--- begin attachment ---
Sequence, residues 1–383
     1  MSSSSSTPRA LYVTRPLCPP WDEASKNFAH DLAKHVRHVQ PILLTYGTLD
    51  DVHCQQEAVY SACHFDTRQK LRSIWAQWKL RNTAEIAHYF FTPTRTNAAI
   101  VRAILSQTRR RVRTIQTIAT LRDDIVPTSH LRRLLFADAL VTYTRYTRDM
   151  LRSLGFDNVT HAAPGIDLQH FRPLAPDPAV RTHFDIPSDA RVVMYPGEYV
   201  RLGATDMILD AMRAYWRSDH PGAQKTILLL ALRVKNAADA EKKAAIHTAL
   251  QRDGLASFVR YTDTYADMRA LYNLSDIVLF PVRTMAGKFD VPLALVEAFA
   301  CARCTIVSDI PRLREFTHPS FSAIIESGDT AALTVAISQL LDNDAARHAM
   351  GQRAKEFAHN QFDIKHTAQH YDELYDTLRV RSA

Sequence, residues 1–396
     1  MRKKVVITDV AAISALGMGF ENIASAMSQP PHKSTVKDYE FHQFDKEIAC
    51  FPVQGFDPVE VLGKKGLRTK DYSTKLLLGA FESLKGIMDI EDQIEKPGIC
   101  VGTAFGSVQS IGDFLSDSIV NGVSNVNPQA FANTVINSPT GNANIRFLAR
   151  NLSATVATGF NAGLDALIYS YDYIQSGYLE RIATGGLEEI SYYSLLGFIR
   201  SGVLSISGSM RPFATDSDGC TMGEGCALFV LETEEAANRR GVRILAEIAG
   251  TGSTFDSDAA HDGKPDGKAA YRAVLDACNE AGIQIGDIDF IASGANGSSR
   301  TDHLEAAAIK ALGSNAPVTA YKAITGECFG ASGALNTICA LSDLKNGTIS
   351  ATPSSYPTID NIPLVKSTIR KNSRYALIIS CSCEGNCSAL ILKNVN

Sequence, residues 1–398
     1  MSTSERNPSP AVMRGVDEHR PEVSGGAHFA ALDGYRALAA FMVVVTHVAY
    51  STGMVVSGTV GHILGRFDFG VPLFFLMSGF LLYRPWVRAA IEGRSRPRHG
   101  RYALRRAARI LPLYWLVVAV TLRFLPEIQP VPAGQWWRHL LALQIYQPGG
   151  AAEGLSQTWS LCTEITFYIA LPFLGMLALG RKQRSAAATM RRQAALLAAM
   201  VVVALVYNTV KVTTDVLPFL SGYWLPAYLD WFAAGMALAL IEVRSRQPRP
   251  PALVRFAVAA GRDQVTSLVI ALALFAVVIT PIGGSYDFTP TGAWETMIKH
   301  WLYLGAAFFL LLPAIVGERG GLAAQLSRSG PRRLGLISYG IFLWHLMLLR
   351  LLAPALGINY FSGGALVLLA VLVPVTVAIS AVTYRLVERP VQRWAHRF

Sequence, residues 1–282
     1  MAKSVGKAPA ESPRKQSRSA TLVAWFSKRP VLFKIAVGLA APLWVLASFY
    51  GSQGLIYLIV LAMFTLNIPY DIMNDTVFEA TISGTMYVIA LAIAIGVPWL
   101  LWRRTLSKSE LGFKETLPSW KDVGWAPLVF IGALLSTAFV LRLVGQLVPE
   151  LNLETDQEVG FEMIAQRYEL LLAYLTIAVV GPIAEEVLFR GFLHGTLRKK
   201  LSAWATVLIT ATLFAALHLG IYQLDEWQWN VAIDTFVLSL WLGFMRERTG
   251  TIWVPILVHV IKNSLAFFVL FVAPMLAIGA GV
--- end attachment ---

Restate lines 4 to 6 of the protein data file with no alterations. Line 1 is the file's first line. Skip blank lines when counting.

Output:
   101  VRAILSQTRR RVRTIQTIAT LRDDIVPTSH LRRLLFADAL VTYTRYTRDM
   151  LRSLGFDNVT HAAPGIDLQH FRPLAPDPAV RTHFDIPSDA RVVMYPGEYV
   201  RLGATDMILD AMRAYWRSDH PGAQKTILLL ALRVKNAADA EKKAAIHTAL